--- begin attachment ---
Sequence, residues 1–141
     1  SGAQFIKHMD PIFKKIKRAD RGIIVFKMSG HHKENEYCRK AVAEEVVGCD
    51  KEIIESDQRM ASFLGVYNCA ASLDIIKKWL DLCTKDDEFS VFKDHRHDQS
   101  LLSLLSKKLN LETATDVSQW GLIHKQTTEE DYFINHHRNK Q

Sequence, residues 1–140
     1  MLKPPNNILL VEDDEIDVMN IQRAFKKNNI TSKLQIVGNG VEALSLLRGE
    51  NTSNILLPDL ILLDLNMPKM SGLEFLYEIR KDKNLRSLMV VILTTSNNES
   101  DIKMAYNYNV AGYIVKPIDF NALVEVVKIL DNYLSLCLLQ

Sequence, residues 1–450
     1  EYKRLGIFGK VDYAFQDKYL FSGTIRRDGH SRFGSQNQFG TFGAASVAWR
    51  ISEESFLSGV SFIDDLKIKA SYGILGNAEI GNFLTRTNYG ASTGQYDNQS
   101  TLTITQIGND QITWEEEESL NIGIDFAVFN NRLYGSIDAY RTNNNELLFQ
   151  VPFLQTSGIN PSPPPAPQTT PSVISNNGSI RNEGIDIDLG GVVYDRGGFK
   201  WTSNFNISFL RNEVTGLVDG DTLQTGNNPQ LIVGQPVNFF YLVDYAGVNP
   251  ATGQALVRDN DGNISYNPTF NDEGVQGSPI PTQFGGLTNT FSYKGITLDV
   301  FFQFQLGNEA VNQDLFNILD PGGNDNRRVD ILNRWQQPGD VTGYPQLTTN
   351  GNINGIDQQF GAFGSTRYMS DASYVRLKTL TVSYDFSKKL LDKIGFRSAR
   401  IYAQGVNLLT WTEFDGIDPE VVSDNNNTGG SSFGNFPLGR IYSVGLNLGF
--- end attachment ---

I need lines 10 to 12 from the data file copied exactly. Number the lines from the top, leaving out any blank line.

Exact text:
     1  EYKRLGIFGK VDYAFQDKYL FSGTIRRDGH SRFGSQNQFG TFGAASVAWR
    51  ISEESFLSGV SFIDDLKIKA SYGILGNAEI GNFLTRTNYG ASTGQYDNQS
   101  TLTITQIGND QITWEEEESL NIGIDFAVFN NRLYGSIDAY RTNNNELLFQ